Australian government hasn’t paid up, but must front up with certainty for refugees in PNG

Media Release
23 October 2023

The Asylum Seeker Resource Centre (ASRC) today raised concerns about the fate of dozens of refugees exiled to Papua New Guinea (PNG) a decade ago and called on the Australian government to provide clarity as comments from the PNG government suggest the refugees will begin leaving “within weeks”.

Reports emerged today that 16 refugees suffering acute health problems will be brought to Australia for urgent medical treatment, more than 40 will be prioritised for resettlement in New Zealand, and 10 are to be resettled in PNG. But questions on the arrangements remain, with ASRC calling on the Australian government to provide clarity on:

The timeframe for evacuating 16 refugees and people seeking asylum to Australia for medical treatment and resettling more than 40 in New Zealand
The immigration status of the 16 being medically evacuated to Australia and their arrangements for accommodation, healthcare, financial allowance, and case management once in Australia
Whether families of the 16 will also be medically evacuated to Australia
Why all of the remaining refugees aren’t being medically evacuated to Australia whilst in pathways to resettlement
The accommodation, healthcare, financial, and transport arrangements for those who currently have no pathway and those remaining in PNG
The status of its plans for the remaining refugees trapped in PNG over the coming weeks, as Home Affairs department officials could not confirm plans when questioned in Senate Estimates on Monday

Tensions between Australia and PNG over the “confidential bilateral agreement” established in December 2021 have caused a humanitarian crisis for the refugees trapped in PNG, who have reported to ASRC they are sleeping in cars and unable to afford basic needs and critical services such as electricity. Many are suffering from physical and mental health conditions without receiving adequate medical care, and more than a dozen are so unwell they are unable to engage in resettlement pathways.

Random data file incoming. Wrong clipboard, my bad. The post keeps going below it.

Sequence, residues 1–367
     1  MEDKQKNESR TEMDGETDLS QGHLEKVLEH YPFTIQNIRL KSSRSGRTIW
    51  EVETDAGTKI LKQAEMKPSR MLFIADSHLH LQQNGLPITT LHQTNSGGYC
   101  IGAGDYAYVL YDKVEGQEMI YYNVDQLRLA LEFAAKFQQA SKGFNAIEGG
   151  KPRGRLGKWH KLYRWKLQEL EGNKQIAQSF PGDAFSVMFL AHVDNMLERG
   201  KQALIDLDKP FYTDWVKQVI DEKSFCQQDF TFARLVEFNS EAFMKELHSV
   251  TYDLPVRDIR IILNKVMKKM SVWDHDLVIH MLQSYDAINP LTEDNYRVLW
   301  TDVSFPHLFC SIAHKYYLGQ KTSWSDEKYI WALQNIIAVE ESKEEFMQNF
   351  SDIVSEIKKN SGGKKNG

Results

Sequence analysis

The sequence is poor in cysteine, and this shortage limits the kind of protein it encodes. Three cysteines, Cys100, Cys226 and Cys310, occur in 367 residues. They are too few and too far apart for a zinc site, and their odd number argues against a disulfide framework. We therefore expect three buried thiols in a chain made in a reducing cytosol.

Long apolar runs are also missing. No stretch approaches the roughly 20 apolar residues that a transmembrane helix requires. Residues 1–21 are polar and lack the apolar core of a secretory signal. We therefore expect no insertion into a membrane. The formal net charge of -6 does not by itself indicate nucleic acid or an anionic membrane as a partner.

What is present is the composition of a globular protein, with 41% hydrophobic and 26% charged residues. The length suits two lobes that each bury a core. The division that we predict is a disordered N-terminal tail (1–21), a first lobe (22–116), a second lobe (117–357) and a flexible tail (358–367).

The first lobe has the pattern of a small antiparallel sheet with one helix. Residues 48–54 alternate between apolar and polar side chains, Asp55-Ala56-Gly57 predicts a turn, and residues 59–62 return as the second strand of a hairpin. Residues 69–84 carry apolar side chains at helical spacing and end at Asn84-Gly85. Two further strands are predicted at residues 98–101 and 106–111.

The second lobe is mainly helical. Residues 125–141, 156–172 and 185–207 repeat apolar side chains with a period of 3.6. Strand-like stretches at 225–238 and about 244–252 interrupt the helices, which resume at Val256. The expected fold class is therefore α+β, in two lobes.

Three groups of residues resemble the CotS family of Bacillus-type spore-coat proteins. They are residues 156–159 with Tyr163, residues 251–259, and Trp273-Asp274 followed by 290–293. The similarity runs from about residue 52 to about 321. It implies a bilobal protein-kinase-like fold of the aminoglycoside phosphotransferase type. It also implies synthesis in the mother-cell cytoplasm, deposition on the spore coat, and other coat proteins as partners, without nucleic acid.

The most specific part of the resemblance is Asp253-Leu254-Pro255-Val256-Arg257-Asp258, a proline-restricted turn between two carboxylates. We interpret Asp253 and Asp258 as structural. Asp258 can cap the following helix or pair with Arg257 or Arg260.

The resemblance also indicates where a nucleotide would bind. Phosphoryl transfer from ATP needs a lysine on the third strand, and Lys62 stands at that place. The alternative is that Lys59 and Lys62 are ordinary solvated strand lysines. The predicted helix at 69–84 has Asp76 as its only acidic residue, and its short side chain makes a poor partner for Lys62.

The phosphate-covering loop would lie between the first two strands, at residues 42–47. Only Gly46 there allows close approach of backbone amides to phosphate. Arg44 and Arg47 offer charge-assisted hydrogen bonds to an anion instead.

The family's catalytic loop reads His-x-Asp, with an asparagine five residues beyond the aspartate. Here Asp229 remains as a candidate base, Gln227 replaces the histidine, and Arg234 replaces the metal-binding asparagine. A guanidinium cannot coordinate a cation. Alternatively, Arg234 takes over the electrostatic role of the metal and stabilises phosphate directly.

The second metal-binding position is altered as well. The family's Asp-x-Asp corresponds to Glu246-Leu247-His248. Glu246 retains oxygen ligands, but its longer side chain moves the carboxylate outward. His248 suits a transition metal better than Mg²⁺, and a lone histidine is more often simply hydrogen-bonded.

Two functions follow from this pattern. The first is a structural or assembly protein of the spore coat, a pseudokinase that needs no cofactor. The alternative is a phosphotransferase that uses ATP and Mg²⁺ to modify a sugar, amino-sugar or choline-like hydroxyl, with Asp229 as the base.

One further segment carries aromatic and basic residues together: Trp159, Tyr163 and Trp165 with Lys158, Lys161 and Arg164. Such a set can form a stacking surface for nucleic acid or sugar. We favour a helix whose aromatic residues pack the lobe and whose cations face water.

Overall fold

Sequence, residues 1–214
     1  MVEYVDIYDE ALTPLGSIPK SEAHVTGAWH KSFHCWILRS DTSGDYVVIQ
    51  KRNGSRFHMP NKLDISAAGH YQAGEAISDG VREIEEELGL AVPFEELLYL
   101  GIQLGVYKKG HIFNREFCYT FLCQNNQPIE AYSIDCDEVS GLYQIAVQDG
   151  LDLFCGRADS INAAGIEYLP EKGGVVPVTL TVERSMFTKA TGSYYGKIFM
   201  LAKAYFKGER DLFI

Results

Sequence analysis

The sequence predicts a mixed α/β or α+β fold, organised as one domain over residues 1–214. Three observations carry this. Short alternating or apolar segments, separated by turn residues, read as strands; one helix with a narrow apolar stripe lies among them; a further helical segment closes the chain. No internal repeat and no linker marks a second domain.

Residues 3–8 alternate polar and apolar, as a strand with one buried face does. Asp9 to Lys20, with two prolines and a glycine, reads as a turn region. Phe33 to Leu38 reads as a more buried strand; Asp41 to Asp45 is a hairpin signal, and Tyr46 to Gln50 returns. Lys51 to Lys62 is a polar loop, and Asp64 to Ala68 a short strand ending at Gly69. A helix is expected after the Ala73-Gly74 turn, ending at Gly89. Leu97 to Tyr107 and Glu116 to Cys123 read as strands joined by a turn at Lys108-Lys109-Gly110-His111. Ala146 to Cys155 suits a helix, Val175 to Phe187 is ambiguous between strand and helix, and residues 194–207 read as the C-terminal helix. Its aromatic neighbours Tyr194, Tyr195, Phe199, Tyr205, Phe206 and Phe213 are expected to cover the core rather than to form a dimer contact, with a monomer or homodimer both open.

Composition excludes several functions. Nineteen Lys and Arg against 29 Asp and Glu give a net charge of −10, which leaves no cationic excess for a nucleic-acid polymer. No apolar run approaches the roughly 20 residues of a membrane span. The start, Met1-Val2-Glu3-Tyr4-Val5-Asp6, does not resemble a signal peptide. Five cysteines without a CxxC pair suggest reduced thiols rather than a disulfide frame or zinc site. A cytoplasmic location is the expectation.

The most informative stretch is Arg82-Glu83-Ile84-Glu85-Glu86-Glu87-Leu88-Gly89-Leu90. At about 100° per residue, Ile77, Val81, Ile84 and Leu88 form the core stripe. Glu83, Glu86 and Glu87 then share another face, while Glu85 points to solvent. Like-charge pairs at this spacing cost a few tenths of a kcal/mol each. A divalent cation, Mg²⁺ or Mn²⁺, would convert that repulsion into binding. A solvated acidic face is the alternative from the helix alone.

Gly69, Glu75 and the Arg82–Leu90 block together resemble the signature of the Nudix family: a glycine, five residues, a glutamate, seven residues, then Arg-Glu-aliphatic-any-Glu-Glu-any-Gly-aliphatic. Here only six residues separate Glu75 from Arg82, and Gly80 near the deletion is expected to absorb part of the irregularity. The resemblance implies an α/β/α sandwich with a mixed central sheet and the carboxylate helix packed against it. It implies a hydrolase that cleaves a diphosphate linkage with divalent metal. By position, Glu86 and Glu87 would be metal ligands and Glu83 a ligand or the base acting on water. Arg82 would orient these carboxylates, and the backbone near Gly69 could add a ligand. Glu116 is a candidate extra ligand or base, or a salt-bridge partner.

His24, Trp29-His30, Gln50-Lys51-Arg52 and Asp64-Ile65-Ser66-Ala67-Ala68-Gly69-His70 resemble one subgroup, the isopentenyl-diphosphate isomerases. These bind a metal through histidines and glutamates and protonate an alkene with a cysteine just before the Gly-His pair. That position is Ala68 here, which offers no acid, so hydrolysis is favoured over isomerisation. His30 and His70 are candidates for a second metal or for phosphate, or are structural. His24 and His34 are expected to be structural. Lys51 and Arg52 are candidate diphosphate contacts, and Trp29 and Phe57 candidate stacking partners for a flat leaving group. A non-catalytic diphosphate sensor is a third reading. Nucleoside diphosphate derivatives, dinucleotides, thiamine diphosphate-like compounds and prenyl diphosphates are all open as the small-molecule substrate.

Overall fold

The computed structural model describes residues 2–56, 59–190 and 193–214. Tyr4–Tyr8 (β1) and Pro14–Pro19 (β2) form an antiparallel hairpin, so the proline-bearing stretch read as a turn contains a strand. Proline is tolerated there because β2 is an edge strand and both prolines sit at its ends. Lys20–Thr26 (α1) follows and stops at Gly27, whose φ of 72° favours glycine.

A refugee held in PNG for more than 10 years, who wishes to remain anonymous, said:

“We’ve been here a decade, why are they treating me like this? I’m speechless. I have no words. It’s like I’m not human. It’s stressful, confusing, unjust and cruel.

“We are hoping the Australian government makes good decisions. Safety is my main concern. I need safety. Take me and resettle us in a safe place like New Zealand, US or Australia.”

Ogy Simic, Director of Advocacy at the ASRC said:

“The Australian government must front up to its duty of care for the dozens of refugees it forced to Papua New Guinea over a decade ago.

“What we’ve seen unfold in PNG is a humanitarian crisis, with those trapped facing evictions, threats and cuts to services triggered by the PNG government’s failure to pay PNG accommodation and service providers over an extended period.

“The Australian government cannot leave these people in uncertainty and without safety for any longer. It must front up to its responsibility, clearly explain its plans for the remaining refugees, and end this decade of cruelty now.”


Media contact: Maddison Bates-Willis on +61 401 244 296 or

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